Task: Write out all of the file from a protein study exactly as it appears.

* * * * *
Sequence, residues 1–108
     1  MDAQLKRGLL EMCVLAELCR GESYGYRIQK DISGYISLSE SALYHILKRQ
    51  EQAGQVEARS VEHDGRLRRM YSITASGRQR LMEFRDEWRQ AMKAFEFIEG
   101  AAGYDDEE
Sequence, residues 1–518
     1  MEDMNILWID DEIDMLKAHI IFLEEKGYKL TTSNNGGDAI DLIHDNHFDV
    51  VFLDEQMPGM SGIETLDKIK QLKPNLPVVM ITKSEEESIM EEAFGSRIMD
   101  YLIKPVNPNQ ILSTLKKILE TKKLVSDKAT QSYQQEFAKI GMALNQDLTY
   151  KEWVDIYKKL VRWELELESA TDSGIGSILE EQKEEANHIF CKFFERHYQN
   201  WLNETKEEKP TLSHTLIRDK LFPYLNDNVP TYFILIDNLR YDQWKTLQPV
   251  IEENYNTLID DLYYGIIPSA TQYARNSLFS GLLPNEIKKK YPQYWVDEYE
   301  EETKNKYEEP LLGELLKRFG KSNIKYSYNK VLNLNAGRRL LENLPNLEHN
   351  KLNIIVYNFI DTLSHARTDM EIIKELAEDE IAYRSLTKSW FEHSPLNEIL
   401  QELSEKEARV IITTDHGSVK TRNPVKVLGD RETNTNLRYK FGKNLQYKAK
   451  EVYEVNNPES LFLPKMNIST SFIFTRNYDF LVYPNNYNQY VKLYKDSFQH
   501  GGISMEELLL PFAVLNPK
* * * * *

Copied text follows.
Sequence, residues 1–108
     1  MDAQLKRGLL EMCVLAELCR GESYGYRIQK DISGYISLSE SALYHILKRQ
    51  EQAGQVEARS VEHDGRLRRM YSITASGRQR LMEFRDEWRQ AMKAFEFIEG
   101  AAGYDDEE
Sequence, residues 1–518
     1  MEDMNILWID DEIDMLKAHI IFLEEKGYKL TTSNNGGDAI DLIHDNHFDV
    51  VFLDEQMPGM SGIETLDKIK QLKPNLPVVM ITKSEEESIM EEAFGSRIMD
   101  YLIKPVNPNQ ILSTLKKILE TKKLVSDKAT QSYQQEFAKI GMALNQDLTY
   151  KEWVDIYKKL VRWELELESA TDSGIGSILE EQKEEANHIF CKFFERHYQN
   201  WLNETKEEKP TLSHTLIRDK LFPYLNDNVP TYFILIDNLR YDQWKTLQPV
   251  IEENYNTLID DLYYGIIPSA TQYARNSLFS GLLPNEIKKK YPQYWVDEYE
   301  EETKNKYEEP LLGELLKRFG KSNIKYSYNK VLNLNAGRRL LENLPNLEHN
   351  KLNIIVYNFI DTLSHARTDM EIIKELAEDE IAYRSLTKSW FEHSPLNEIL
   401  QELSEKEARV IITTDHGSVK TRNPVKVLGD RETNTNLRYK FGKNLQYKAK
   451  EVYEVNNPES LFLPKMNIST SFIFTRNYDF LVYPNNYNQY VKLYKDSFQH
   501  GGISMEELLL PFAVLNPK